Definition: The 'Rota' in Golf

In golf, "rota" is a term that is simply short for "rotation." But rotation of what? "Rota" specifically refers to a regular rotation of golf courses being used for tournament play.

Take, for example, the Podunk City Championship tournament. Perhaps the city of Podunk has six golf courses total. Maybe three of them are used for the city championship, with the tournament rotating among those three courses — Course A this year, Course B next, Course C after that, then back to Course A. That is the rota. In this specific example, it is the Podunk City Championship rota.

For much of golf history, "rota" was chiefly a British term. It originated in reference to Open Championship golf courses, referred to as "the Open rota" or "the Championship rota." But rota is now a term used near-universally in the golf world to describe any regular rotation of a tournament between a regular group of golf courses.

This golf-specific use of rota has been around for a long time. British Amateur and British Open champion Harold Hilton, writing in the April 1922 issue of Golfers Magazine (published in Chicago), referred to the Open's "Championship rota." Hilton noted that some people in British golf at that time thought there were better options for the rota than those being used. That is a common theme whenever a golf course rota exists for tournaments at any level of the game: arguing over whether this course or that should be dropped or added to the rota.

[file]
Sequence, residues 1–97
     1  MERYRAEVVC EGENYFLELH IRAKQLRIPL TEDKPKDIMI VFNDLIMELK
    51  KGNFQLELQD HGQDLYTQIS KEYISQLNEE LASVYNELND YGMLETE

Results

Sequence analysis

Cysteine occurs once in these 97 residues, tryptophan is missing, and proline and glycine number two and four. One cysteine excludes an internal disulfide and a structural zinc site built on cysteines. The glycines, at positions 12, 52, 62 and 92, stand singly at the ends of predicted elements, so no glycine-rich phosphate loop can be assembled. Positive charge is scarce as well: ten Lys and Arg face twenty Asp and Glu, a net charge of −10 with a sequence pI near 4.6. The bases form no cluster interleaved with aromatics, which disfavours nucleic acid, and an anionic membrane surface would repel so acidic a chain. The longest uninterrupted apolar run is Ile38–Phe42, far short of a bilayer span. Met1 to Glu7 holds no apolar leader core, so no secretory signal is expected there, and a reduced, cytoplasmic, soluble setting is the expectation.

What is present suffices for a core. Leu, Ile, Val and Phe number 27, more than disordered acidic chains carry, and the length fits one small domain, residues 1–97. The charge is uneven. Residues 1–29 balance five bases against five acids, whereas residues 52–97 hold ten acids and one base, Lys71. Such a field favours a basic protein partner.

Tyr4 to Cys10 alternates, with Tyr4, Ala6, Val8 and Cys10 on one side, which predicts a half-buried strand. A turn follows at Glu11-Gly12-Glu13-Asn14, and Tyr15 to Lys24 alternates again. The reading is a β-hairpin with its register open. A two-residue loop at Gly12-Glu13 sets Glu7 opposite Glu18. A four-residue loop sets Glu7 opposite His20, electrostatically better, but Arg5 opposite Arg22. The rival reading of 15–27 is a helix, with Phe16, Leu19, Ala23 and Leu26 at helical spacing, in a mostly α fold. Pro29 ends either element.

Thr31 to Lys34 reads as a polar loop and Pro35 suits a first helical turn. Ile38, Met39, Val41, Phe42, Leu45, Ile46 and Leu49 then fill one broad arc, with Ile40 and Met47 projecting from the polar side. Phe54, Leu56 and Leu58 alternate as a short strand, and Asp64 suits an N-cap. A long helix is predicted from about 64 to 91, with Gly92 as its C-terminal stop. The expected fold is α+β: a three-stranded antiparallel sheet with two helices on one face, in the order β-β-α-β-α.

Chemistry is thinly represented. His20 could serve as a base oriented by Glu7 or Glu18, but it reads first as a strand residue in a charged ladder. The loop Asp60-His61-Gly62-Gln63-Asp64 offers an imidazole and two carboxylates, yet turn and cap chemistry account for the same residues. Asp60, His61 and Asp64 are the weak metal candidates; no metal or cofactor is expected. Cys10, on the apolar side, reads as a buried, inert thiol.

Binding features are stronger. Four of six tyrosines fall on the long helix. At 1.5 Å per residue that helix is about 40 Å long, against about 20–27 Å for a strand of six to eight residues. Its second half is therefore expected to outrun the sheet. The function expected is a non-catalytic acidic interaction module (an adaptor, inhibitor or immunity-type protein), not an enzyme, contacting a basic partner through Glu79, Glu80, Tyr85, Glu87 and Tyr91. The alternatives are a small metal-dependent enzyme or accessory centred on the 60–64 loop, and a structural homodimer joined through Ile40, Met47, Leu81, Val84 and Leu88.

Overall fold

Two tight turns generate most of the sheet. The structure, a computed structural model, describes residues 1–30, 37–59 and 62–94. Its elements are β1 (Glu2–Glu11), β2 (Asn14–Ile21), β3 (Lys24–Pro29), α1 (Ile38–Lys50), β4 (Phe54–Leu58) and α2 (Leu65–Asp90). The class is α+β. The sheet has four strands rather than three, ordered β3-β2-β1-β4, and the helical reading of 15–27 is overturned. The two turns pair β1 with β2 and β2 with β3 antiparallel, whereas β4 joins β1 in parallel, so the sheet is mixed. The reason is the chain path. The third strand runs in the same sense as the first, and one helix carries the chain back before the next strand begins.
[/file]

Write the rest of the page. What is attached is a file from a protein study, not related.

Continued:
The British Open rota remains, by a very wide margin, the one golfers are most-familiar with, and the use of rota remains most common in references to the British Open. Many other golf tournaments rotate among different golf courses, but the term "rota" isn't usually applied until a select number of those courses become regulars.

The U.S. Open, for example, has always moved from course to course around the United States. But there was no set pattern. Golfers couldn't say, "Well, we know Course X hosts the U.S. Open every fifth year, or at least once a decade." In recent years, however, the USGA has begun visiting a smaller group of golf courses more regularly (while still trying to add in new ones from time to time), and we could see "rota" start being applied more often to the U.S. Open.

Sources:, The Open Championship media guide, USGA Media Guide,, Golfers Magazine (April 1922 issue)

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